U.S. clothing retailers like Gap Inc. (GPS) and American Eagle Outfitters (AEOS) saw their shares rise Thursday after their August same-store sales soothed fears of a bleak back-to-school shopping season.

The share rise made apparel companies among the best performing sectors Thursday. Wall Street had worried that late-summer sales for specialty apparel companies would be dismal compared with last year, when child tax credits inflated sales.

"Most of them met reduced expectations," said Eric Beder, retail analyst at J.B. Hanauer & Co.

Analysts had also feared that August sales would suffer from the shift of the Labor Day weekend, a key part of the back-to-school shopping season, into the September sales reporting period.

Those fears will be transplanted into September, but for now, investors are breathing "a sigh of relief," Beder said.

Gap posted a 1 percent drop in August sales at its stores open at least a year. But the San Francisco-based retailer's results were well above the 2.5 percent decline analysts polled by Thomson First Call had been expecting.

Gap also reported solid sales of key fall items such as women's fashion denim at Gap, pants at its Banana Republic stores, and women's blazers at its lower-priced Old Navy stores.

The company's shares, the most actively traded on the New York Stock Exchange (search), surged $1.09, or 6 percent, to $20.09, posting their biggest one-day percentage gain in about seven months.

American Eagle Outfitters , whose colorful, preppy styles have seen strong sales throughout the summer, Wednesday posted a 27 percent surge in August same-store sales and raised its third-quarter profit forecast. Its shares jumped $2.26, or 7 percent, to $36.42 on Nasdaq.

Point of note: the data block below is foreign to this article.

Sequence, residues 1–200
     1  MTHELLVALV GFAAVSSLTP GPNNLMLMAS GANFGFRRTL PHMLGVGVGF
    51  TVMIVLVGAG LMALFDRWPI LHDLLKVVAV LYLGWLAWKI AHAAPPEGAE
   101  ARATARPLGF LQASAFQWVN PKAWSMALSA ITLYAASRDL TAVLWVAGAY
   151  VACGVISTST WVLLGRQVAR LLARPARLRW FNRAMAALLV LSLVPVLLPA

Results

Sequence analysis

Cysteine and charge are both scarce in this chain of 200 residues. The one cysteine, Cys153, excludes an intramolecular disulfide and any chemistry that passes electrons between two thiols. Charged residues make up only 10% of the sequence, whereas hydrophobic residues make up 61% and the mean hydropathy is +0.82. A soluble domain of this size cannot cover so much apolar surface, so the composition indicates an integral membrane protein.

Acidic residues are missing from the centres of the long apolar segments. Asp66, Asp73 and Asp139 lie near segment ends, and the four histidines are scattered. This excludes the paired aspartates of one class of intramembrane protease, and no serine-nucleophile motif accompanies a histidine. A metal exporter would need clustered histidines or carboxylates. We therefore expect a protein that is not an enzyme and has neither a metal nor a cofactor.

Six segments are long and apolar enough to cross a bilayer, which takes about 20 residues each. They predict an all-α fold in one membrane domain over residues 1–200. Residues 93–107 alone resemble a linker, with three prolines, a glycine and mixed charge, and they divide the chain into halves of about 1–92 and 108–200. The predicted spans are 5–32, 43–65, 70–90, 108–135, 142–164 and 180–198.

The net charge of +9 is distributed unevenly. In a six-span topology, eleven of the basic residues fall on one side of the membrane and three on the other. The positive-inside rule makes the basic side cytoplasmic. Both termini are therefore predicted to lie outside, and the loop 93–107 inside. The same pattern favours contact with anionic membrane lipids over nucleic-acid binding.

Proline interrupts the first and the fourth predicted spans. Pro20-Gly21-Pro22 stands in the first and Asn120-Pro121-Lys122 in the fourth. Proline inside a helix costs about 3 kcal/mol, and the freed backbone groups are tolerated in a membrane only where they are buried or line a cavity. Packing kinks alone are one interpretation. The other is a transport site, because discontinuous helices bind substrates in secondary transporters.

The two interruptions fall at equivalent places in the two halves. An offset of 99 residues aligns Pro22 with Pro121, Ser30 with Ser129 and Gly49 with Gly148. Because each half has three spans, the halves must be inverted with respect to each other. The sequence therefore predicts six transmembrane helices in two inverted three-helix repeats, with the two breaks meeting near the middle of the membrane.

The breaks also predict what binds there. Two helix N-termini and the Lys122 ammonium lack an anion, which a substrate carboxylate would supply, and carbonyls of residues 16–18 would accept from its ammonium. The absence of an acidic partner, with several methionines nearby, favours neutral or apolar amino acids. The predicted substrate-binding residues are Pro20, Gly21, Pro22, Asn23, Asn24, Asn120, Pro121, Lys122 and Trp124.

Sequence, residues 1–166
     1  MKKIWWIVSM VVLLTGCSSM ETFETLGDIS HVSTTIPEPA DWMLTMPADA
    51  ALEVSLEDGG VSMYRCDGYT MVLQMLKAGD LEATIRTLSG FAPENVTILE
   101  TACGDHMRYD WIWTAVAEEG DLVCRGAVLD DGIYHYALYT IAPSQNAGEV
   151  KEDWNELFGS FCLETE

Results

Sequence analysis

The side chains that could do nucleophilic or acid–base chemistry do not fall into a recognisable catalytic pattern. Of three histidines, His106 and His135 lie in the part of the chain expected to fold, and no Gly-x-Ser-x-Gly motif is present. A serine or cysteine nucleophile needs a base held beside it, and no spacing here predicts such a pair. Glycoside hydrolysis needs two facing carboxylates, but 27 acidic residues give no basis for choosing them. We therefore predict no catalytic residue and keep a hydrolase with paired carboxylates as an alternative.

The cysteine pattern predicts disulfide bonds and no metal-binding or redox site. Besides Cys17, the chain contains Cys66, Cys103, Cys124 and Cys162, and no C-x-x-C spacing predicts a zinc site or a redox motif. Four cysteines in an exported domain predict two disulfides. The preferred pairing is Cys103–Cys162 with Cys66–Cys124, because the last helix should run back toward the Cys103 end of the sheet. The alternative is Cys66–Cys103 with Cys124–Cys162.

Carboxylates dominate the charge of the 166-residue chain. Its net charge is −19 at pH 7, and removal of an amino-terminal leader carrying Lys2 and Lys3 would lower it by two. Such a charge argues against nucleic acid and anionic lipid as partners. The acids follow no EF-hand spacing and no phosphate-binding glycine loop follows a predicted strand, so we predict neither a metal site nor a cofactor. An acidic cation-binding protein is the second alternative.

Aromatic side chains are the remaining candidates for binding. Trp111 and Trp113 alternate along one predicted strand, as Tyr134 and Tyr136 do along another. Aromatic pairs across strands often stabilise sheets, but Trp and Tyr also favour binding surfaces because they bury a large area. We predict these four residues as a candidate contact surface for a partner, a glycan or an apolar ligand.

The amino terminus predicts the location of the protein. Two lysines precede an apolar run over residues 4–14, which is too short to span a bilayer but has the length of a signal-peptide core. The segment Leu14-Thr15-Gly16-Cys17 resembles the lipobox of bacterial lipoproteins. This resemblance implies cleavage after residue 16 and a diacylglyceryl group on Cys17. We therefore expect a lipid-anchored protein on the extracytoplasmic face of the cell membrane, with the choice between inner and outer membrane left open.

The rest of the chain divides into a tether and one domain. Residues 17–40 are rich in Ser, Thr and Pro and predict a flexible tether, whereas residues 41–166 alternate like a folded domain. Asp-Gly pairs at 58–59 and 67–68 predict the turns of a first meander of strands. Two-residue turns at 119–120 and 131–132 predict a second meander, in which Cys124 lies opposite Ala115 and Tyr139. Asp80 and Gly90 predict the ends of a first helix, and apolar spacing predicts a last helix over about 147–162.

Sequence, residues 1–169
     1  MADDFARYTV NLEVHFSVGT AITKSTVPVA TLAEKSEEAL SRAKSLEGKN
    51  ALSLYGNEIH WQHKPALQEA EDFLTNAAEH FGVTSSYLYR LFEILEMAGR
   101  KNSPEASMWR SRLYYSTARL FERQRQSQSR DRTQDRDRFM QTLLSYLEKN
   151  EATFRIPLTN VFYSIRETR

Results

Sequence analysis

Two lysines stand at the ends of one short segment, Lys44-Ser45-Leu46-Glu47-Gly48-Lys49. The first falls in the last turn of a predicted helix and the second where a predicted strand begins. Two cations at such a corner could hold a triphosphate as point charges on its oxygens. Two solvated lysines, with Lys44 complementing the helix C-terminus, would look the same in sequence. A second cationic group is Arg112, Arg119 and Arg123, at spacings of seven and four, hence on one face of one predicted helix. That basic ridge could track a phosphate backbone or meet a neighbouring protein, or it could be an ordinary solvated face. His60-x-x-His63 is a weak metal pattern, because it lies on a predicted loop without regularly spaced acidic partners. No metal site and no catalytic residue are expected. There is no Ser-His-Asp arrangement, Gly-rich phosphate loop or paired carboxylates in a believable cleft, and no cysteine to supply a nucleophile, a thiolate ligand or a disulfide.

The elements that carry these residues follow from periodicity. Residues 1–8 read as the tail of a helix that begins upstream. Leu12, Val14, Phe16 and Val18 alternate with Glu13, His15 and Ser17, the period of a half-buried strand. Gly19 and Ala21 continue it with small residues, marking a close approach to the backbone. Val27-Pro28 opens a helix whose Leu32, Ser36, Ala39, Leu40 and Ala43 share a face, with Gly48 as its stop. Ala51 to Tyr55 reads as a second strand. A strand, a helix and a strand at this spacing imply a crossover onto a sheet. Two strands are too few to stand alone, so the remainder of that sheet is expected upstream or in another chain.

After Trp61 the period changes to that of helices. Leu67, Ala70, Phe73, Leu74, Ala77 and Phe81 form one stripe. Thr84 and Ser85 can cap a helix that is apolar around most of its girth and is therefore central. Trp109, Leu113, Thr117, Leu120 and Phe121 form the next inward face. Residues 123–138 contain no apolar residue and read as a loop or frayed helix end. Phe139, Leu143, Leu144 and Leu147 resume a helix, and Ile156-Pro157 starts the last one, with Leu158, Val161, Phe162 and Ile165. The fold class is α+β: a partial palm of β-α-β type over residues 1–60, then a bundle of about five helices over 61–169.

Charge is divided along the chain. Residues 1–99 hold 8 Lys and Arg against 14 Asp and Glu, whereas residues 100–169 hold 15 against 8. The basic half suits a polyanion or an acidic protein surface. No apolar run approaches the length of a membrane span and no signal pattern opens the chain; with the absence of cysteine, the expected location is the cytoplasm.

The company's results easily cruised past Lazard analyst Todd Slater's expectations for a 19 percent jump in sales, which was on the high end of Wall Street's expectations, he wrote in a research note.

"We see upside in the stock," Slater wrote, adding he had raised his 12-month price-target on the company's stock to $45 from $44.

The Children's Place Retail Stores Inc. (PLCE) also saw its shares surge after it reported a 21 percent gain in August sales and raised its earnings forecast for the full year.

The company said it expected its 2004 earnings to rise 50 percent over last year's 85 cents per share results, putting its earnings in the range of $1.27 to $1.28 per share. That would beat Wall Street forecasts for about $1.21 per share.

Its shares jumped $2.52, or 13 percent, to $21.52 on Nasdaq.

The Standard & Poor's Apparel Retailer index (search) rose 3.6 percent Thursday.

Retailers had been hinting at a sluggish start to the back-to-school season, the second-most important sales period behind the winter holiday shopping season, as worries about interest rates and higher gasoline prices bit into consumers' budgets.

Questions about the impact of Hurricane Charley (search) and the shift of tax holidays in several states out of the month of August fed fears and helped pummel shares of apparel retailers throughout much of August.

Overall, August same-store sales were lackluster, rising just 1.0 percent to post their smallest gain in about a year and half. The results fell well short of forecasts for a 2.2 percent rise, according Thomson First Call.

"Most of the misses came from the discounter and department store sectors, while specialty apparel saw more upside," Emme Kozloff, senior research analyst at Sanford C. Bernstein & Co. wrote in a research note.